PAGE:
GCR and the London Extension
The GCR loading gauge is taken from a collection of drawings from documentation for the GCR London extension. The frequently made statement that this line was constructed to the Berne gauge is a modern myth, since these drawings all clearly show the same gauge as other GCR lines, as, indeed, do the surviving structures. At 9ft 3in wide and 13ft 4in high the GCR gauge was one of the larger british gauges, but still very small compared to the Berne gauge, which was 14ft high and 10ft 2in wide. One should also note that the construction of the London extension commenced in 1894, but the Berne gauge wasn't agreed until 1912. There is a sketch below comparing the PPI (Berne) gauge and the GCR gauge.
There is a puzzle about GWR loading gauges. In an article in the Great Western Study Group magazine Pannier, the well repected researcher and professional rail engineer David Smith states that the Railway Clearing House Coaching arrangements book of 1888 lists a maximum width of 9ft 8in and maximum height of 13ft 6in. This matches published GWR diagrams from 1933. On the other hand I have a copy of a structure and loading gauge drawing from "Instructions for the Guidance of the Staff in the Engineering Department" of 1899, and that clearly shows a loading gauge of just 9ft 0in wide and 13ft 3in high. This 1899 gauge is shown in the table above and a drawing below, but be sware of the discrepancy between sources. Research continues.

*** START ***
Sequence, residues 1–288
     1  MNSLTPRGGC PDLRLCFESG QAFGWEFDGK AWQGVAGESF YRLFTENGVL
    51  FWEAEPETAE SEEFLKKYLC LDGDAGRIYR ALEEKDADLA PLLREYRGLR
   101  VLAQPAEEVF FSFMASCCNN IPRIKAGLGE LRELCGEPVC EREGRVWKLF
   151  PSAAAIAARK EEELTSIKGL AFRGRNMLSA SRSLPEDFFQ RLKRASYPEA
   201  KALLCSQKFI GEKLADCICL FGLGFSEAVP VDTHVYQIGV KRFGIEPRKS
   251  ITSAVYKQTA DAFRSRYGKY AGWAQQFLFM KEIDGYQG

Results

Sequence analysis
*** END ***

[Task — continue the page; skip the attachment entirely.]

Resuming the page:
In any case the popular conception that gauging problems GWR locomotives are experiencing on the modern railway dates back to the broad gauge does not appear to be well founded.
Height overall of the GWR gauge (13ft 6in), although taller than the current gauge, is well within the normal range of gauges found on other lines and several lines were taller.
Width of the GWR gauge at platform height is larger than most, but mainly due to a narrower clearance to the structure gauge. The inner rail to platform clearance on the broad gauge was the same as on the standard gauge, which it had to be for mixed gauge trackwork. The standard width over GWR outside cylinders on the 4 cylinder classes (8ft 8in) was in the general range. The two cylinder classes have wider cylinders (8ft 11in). Its worth noting that in 1901, when Churchward was developing his outside cylinder standard classes, a Dean Single, 3021 Wigmore Castle, was fitted with wooden dummy outside cylinders and used to traverse all the major lines to check clearances.
I have seen an entry in a GWR drawings register that suggests a new standard GWR loading gauge was introduced about September 1905, and that another was proposed in November 1918.
The main difficulty for GWR locomotives seems to be that platform clearances are being minimised because of the problems of passengers being trapped in sliding doors and dragged between platform and train.